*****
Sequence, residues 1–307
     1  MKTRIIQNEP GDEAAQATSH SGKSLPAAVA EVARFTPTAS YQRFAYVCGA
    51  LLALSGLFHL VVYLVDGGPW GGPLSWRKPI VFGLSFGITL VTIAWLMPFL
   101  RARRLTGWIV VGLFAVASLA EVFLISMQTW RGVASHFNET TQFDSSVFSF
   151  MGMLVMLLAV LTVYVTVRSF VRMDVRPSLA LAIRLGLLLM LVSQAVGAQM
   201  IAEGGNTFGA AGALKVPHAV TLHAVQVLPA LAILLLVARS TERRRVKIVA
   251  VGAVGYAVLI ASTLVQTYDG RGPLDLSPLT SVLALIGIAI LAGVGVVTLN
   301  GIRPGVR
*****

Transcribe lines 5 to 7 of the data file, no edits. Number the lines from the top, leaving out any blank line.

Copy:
   151  MGMLVMLLAV LTVYVTVRSF VRMDVRPSLA LAIRLGLLLM LVSQAVGAQM
   201  IAEGGNTFGA AGALKVPHAV TLHAVQVLPA LAILLLVARS TERRRVKIVA
   251  VGAVGYAVLI ASTLVQTYDG RGPLDLSPLT SVLALIGIAI LAGVGVVTLN